What exactly is Gavin Newsom doing at Delancey Street?
It's not counseling, we're told. It's not rehab. It's not detox. It's not a typical course of treatment at the storied $20 million nonprofit. So what is it beyond a reprieve from the otherwise ugly headlines?
Newsom isn't talking much about his program. But some mental-health professionals are raising serious questions about his regimen.
San Francisco's chief executive declared several weeks ago in a public announcement to all the city's department heads that he was seeking a diluted version of rehab at Delancey Street.
That struck more than a few people as odd. Delancey Street doesn't do part-time or outpatient treatment. It only takes clients who agree to a long-term, full-time residential program geared entirely toward hardcore alcoholics, drug addicts, and criminals.
It's not, in other words, a place where someone in Newsom's condition would typically seek help. And it's not a place designed to alleviate a comparatively minor thirst for white wine.
The news certainly appalled Dee-Dee Stout.
Stout is a City College of San Francisco professor and an adjunct faculty member at San Francisco State University. It's her job to train city employees working in any major capacity that involves medically treating alcohol and drug abuse, from San Francisco General Hospital to Community Behavioral Health Services to the Adult Probation Department.
Stout, a certified drug and alcohol counselor, told us friends who'd seen the headlines said, " 'Oh god, Dee-Dee's going to hit the roof on this one.' And they were right."
She struggled to figure out how she could broach the subject to one of her classes at City College but a student beat her to it, quickly pointing out that it was unethical for credentialed treatment specialists to counsel their close friends. The two-year recertification required of caseworkers in the city includes an ethics update, Stout said.
Delancey Street's executive director, Mimi Silbert, has been Newsom's friend since he was a child and knows his father well. Silbert, in fact, has openly discussed Newsom's progress with the press, including the Guardian, while the mayor's own ear-piercing silence on the matter enables him to appear repentant.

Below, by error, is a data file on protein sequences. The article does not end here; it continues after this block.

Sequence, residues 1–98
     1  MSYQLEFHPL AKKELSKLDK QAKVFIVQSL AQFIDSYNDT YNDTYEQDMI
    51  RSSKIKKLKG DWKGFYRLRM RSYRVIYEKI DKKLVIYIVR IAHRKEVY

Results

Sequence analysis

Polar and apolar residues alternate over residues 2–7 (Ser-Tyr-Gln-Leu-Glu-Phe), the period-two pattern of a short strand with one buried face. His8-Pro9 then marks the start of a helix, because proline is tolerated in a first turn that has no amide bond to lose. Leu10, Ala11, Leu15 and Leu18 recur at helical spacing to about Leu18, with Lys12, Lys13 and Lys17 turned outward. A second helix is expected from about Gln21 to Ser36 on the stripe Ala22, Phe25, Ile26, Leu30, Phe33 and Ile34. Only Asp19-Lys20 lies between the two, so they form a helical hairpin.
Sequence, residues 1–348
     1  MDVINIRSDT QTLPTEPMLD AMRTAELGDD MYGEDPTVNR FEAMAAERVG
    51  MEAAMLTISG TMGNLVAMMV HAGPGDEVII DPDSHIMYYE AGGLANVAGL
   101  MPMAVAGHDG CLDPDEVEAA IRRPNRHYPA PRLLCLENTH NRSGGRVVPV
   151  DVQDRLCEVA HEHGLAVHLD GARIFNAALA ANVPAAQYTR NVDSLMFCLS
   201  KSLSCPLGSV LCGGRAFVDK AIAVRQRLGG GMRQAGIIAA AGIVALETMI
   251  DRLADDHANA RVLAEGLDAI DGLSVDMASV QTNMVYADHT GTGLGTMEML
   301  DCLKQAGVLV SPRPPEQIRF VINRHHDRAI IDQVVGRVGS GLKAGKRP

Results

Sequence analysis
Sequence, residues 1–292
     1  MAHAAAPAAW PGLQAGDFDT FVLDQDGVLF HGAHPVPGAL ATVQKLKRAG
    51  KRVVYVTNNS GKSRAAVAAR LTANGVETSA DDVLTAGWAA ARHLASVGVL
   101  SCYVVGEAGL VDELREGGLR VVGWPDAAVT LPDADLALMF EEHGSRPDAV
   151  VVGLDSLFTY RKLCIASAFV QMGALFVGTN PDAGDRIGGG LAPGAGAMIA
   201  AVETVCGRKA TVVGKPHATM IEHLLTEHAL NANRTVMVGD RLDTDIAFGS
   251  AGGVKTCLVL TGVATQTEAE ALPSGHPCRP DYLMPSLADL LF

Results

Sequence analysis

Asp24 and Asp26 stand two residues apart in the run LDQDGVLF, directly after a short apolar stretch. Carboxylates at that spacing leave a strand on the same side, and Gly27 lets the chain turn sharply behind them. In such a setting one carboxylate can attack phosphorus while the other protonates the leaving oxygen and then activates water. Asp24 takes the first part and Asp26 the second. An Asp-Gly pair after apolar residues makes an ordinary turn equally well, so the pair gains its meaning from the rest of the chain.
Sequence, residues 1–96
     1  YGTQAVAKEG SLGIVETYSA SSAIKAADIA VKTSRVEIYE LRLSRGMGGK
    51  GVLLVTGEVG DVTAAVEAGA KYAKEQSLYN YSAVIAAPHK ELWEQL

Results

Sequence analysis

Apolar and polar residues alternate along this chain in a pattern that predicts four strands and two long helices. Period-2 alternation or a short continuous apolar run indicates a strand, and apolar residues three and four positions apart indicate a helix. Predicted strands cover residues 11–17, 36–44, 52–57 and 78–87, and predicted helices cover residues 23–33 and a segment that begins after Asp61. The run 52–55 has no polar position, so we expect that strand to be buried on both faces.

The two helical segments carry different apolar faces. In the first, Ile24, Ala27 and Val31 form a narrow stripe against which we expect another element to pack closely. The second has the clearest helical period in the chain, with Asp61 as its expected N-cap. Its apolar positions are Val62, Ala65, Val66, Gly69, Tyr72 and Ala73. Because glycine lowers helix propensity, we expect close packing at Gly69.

Stout decided to offer the student extra credit if he drafted a letter outlining the concerns of the class, which she had colleagues review before sending it along to the entire Board of Supervisors, the Mayor's Office, and pretty much every major newspaper in town.
"This relationship is not acceptable under any applicable code of professional ethics," the letter states. Hardly anyone bothered to write back, save for the auto-response letters Stout received from Sophie Maxwell and the Mayor's Office, plus a letter from Bevan Dufty urging Stout and her students to empathize with Gavin during this difficult time.
Silbert, for her part, told the Guardian that ethics weren't a concern for her because Newsom wasn't a full-tilt drunk and hadn't submitted completely to a detailed treatment plan when he approached her for help.
"The mayor is not a drug addict," Silbert said. "That's not what he was looking for.... Having stopped drinking, he wanted to take a look at himself. He drank what people would call 'socially.' I've seen other people when they stopped drinking even people who didn't need detox and there were physical signs of problems.